Of course, if the Statists are so frigging worried about a diminishing "surplus," what they should do is cut spending. Then when we end up with another "surplus," they should cut spending again. If they won't give us refunds, then they should lower taxes. The lower taxes will increase productivity and thus balloon the surplus. Then more spending cuts, tax reductions/refunds. On and on until we at least return to the basic and proper functions of government: to defend our rights via courts, armies, and the police.
If that miracle should occur, I'd be deliriously happy. I'd still fight to eliminate taxes, but at least the burden would not be as horrendous as it is now.
In my state of Iowa, the legislature is facing a budget deficit after falling tax revenues due to a sluggish economy. At the same time, they sit like hoarders on a $500 million "rainy day" fund. But will they return that half billion dollars to us and help spark an economic revival? Heck, no. They're too economically myopic and stupid to do what is both pragmatically and morally correct (though the practical and moral are, properly understood, identical.)
Truth and freedom are the first victims of the Statists and collectivists. They deserve what they get.
The only bad thing about that is that they drag us down at the same time.
I recently saw a television story on a school that is really wired. In this bastion of free thought, burgeoning independence, and critical thinking, your parents can track what you're doing all day long.
Now, doesn't that sound like fun, boys and girls? Hmm?
This school maintains its attendance records online. Dear ol' teach checks your smiling (or in this school, probably frowning) visage against the photos on her computer screen. If you try to skip, well, bad news: your parents can instantly discover that fact by accessing the school records.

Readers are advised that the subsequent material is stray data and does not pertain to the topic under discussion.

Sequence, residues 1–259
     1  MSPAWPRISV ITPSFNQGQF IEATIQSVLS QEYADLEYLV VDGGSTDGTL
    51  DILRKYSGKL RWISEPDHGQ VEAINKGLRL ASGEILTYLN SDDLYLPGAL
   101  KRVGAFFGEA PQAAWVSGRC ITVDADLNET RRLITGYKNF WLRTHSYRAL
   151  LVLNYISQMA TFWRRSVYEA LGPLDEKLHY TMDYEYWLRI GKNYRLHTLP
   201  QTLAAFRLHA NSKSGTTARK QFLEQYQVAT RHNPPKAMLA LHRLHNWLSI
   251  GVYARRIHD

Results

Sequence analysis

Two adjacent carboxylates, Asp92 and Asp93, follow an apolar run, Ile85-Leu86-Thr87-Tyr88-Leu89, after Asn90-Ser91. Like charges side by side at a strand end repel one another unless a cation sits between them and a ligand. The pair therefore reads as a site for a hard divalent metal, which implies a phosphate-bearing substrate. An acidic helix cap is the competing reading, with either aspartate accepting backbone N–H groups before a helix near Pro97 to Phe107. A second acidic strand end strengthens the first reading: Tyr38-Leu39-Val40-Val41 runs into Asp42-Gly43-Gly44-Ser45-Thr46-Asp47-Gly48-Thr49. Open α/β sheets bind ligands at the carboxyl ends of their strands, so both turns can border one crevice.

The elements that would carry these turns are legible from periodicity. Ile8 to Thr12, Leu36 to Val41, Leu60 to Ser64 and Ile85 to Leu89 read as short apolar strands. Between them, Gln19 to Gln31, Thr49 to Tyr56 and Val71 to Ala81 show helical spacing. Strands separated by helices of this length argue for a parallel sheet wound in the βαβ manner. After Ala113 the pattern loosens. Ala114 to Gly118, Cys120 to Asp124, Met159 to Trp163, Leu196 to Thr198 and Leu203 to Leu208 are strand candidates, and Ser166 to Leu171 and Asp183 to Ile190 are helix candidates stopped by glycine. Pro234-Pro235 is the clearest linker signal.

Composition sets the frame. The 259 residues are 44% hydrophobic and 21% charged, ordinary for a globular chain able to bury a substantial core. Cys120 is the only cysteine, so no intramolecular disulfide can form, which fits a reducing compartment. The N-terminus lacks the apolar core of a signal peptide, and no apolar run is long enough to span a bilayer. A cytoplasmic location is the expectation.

If you should do something to gain the displeasure of some school official and are sent to the principal's office for punishment and/or detention, your parents can be notified before you've even completed your trek through those long, linoleum hallways.
(Anyone remember that drek from grade school and junior high, er, excuse me, middle school, that told us that the principal is your pal to distinguish that spelling from principle, a concept that most in modern education seem woefully ignorant of.)
Wait! They aren't done yet tracking your every move. In this school, when you get your yummy and nutritious school lunch, you hand over your photo identification card (!!) which is swiped so the cost can be properly assessed. After all, your parents are paying for your food, aren't they? Heck, in this wonderful little fascist, er, educational setting, they can even learn precisely what it is you chose to eat. Why should you be allowed to make mistakes and select your own goodies?
Remember your veggies, now, Johnny.
So far (and I stress "so far"), the schools have avoided posting student medical histories online. Not secure enough, don't you know.